"Be careful, my lord," Apinla warned nervously. "This trail taxes even the best horses." He envied the Southron's strong, sure-footed little mare that could carry him through the day and into the night. His own mount, a strapping bay gelding, was breathing heavily, its sides dripping with lather. Only the week before, a rider and his horse had plunged to their deaths over the cliff. "The trail gets somewhat easier after this stretch, my lord," the guard promised.

"Thank you for reminding me, Apinla," Esarhaddon remarked, his voice tinged with sarcasm. "I had almost forgotten."

"I apologize, my lord," Apinla replied. "I was only recently assigned to this duty, and was not here during the spring." The arrogant Southron! Apinla thought to himself, but he restrained the impulse to put him in his place, and concentrated on getting his mount up the steep grade.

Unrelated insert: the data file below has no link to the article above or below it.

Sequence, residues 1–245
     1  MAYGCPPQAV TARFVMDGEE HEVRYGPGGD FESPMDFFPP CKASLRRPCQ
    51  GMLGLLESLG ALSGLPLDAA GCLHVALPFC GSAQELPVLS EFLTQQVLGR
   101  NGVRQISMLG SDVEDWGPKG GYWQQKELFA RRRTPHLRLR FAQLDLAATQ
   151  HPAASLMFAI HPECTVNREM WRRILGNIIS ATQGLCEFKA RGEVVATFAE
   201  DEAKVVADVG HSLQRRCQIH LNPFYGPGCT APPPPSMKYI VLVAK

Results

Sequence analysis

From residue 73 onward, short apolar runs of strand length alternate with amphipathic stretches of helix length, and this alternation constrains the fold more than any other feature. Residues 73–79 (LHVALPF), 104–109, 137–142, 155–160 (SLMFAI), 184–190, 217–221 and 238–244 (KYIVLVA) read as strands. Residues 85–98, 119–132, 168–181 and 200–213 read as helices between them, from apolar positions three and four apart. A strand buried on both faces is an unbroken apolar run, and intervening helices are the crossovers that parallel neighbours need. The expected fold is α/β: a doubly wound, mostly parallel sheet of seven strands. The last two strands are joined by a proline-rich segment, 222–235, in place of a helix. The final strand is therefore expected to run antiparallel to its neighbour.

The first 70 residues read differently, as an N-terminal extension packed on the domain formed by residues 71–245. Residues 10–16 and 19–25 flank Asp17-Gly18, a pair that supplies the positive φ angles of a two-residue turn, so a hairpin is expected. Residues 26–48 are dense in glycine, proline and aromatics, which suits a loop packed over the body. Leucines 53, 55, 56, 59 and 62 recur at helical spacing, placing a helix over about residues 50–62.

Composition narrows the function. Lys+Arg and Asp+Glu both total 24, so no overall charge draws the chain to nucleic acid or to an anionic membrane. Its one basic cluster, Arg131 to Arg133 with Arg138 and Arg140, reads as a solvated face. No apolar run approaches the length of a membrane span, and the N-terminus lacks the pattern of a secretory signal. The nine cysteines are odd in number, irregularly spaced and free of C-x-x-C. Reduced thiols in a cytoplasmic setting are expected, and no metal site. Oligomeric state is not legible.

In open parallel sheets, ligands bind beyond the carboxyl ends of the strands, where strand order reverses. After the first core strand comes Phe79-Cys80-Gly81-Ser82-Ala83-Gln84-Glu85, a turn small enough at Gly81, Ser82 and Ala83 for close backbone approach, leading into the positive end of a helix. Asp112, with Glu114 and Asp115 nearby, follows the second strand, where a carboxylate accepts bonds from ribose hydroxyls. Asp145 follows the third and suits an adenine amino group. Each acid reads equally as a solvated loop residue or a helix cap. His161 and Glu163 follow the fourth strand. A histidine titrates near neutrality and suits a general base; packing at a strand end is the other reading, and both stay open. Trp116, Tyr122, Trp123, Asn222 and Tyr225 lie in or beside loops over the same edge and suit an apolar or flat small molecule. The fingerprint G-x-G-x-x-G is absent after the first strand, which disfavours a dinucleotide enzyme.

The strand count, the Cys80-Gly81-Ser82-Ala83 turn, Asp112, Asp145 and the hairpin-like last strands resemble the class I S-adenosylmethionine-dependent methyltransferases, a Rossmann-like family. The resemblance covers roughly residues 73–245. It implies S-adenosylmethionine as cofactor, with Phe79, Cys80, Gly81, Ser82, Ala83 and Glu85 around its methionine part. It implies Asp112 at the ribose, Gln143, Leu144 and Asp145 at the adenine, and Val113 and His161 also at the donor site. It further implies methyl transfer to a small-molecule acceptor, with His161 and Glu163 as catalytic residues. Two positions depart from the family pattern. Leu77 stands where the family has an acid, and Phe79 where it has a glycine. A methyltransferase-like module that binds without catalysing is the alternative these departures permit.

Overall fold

The remainder of the climb continued up a long, relentless slope, which was somewhat less steep than the previous grade. All the mounts were showing the strain of the long climb, breathing heavily, their bodies froth-white with lather. To the amazement of the Mordorian cavalrymen, little Ka'adara boldly tossed her head, her eyes sparkling, as if to show the powerful geldings who was the best horse.

At last the trail took them to the top of the mountain, and as the weary horses struggled up the last slope, the land leveled out. There before them rose the squat, brooding fortress of Lug Aanzaabr. Situated on its lofty prominence, the high citadel warned all below of the dangers which faced an unwelcomed stranger into the land of Nurn. Black pennants emblazoned with a blood red eye – the standard of Mordor – and green banners bearing an iron fist and a sheaf of wheat – the standard of Nurn – fluttered in a gentle breeze above the battlements and towers.